So harsh?

J. W.: As the saying goes, you cannot not communicate. A man in a senior position without a watch is unthinkable for me. Even though nobody needs a watch for telling the time anymore. A naked wrist is strange in the world of work. Almost like coming to the office barefoot.

So wearing a watch is underestimated?

J. W.: Overall, maybe not, but definitely by women in management positions. Equal opportunities while playing under different rules are hard to implement. You first have to know the rules and be able to interpret them before you can solve the problem differently and more intelligently for yourself.

A rose-colored dial, golden hands and indexes—Orion rosé is a stylish accompaniment to the working day.

What impression do we make with a watch exactly?

J. W.: Well, like I said, that depends on the model. A young programmer may want to look cool with a gilded watch from the 80s. A woman in the fashion industry may want a more girly quartz watch covered in rhinestones. But both exemplify the desire for the "right watch" for me, for something expensive.

And what does my wrist say with a watch from NOMOS Glashütte on it?

J. W.: With your watches I would say: beautiful, but high quality at the same time. And affordable. So the wearer is someone who values quality and style, with a pinch of rationality.

Some models—since you also have some colorful ones—stand out optically, but they are not fashion watches. That's art for the wrist, Bauhaus, craftmanship… In my opinion, watches from NOMOS Glashütte are a good opportunity to demonstrate that you are "in the know"—without taking out a loan to afford one.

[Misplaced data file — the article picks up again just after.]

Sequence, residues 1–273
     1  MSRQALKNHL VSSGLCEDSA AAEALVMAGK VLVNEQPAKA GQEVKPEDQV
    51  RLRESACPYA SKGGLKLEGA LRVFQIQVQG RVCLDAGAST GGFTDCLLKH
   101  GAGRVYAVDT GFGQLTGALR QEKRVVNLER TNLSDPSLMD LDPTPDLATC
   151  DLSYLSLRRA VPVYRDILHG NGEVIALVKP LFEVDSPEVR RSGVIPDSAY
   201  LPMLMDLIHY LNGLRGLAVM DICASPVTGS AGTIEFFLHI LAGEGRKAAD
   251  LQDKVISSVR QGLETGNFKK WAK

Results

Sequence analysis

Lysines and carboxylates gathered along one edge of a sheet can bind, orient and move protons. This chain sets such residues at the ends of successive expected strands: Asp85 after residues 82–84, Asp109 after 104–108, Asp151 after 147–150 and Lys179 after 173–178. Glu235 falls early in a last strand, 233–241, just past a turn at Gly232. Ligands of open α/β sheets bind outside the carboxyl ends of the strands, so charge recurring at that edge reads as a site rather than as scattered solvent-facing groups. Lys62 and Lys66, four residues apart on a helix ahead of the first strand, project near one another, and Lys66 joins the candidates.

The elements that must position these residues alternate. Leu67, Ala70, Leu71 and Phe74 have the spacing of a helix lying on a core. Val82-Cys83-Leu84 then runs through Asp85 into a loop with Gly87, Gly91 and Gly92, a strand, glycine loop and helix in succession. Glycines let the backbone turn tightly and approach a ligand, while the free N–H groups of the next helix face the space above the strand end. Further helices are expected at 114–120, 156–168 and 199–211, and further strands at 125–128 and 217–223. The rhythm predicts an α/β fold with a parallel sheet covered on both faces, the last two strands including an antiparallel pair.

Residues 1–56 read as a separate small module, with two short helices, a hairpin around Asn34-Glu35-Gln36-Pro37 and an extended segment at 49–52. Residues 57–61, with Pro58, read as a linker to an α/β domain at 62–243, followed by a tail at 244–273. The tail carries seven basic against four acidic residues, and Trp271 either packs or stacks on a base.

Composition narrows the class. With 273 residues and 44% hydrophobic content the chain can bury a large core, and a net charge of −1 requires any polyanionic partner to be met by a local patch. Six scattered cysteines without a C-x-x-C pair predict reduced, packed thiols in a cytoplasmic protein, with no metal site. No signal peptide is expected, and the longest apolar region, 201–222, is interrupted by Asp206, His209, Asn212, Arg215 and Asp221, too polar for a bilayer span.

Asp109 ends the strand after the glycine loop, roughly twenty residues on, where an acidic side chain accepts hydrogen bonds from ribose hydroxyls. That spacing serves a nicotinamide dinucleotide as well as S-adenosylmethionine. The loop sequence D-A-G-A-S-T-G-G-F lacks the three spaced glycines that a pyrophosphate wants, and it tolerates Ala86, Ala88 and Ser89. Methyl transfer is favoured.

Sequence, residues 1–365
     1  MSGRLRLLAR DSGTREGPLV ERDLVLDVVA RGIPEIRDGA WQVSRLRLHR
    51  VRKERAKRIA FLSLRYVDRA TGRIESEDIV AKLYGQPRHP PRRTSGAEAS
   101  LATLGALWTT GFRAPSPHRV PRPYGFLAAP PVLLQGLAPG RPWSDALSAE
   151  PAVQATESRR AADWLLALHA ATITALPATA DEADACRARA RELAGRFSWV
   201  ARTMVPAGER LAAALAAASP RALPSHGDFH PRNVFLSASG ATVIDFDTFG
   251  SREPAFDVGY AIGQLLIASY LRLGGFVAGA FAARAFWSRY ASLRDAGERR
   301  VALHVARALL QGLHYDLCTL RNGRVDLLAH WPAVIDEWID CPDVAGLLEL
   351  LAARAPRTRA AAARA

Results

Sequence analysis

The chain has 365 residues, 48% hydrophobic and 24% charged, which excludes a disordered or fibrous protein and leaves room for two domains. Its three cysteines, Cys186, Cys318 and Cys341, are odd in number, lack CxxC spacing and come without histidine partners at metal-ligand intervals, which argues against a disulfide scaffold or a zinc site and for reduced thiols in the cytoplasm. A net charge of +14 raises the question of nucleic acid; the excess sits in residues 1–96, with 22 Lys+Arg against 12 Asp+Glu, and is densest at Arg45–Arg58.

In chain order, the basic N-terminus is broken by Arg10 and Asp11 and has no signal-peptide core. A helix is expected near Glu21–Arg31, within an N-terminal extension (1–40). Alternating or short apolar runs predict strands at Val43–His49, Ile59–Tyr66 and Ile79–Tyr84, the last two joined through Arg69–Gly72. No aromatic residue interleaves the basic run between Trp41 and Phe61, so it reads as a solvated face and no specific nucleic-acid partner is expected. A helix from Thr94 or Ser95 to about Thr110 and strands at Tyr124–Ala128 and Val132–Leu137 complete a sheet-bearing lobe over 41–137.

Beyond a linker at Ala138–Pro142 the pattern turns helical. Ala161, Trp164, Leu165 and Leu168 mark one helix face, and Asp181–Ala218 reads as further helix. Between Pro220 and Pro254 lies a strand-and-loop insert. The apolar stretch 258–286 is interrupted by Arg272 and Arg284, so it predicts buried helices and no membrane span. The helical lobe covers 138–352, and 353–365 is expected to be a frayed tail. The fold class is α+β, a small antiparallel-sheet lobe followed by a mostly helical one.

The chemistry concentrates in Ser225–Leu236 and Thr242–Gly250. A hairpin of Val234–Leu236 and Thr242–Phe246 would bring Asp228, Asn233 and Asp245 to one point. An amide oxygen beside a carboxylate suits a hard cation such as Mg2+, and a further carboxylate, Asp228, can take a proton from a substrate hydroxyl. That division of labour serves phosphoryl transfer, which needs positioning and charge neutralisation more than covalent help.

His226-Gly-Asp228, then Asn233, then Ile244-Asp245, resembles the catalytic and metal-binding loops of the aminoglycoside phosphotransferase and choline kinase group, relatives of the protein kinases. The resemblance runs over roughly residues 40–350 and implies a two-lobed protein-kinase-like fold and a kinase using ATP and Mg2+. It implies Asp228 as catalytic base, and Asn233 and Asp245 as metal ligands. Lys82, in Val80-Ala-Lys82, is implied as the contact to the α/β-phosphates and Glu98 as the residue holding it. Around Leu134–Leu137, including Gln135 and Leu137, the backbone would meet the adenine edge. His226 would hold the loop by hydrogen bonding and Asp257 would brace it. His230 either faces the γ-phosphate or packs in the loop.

Who are they suitable for?

J. W.: The classic NOMOS watches for me are more for men, but the ones that come a tick smaller or in a particular color, are well suited to women. They won't come across as too kooky in the world of work.

But then there's also cufflinks, belts, jewelry, ties … do watches actually play any different a role than these things?

J. W.: Yes. Definitely. Because cufflinks aren't as recognizable as coming from a particular brand. Or because they don't represent a specific price category. We don't have the same associations with them as we do with watch brands today.

Is it always about money?

J. W.: No, it's also about the bad boy image. Some watches tell stories of adventures in the wilderness, flights to the moon, submarines, or simply technical perfection: A bit of danger and adventure is very, very interesting for men—and for some women too. Watches from NOMOS Glashütte rather stand for a particular appreciation of quality and a certain level of intelligence.

So a watch can do a lot.

J. W.: It's remarkable! Last but not least, this small, technically perfect world on the wrist can replace a wardrobe. The right watch can make an outfit if you don't have a suit to hand; with it on your wrist, you can demonstrate superiority and expertise. And that's just practical.

With over 15,000 coaching sessions to her name, Jessica Wahl has discussed the perfect watch for the wrist countless times.

PUBLICATION DATE: August 2019
TEXT: NOMOS Glashütte
IMAGES: 1. Wahluniversum/Jessica Wahl, 2. NOMOS Glashütte/Florian Fischer, 3. NOMOS Glashütte, 4. Wahluniversum/Jessica Wahl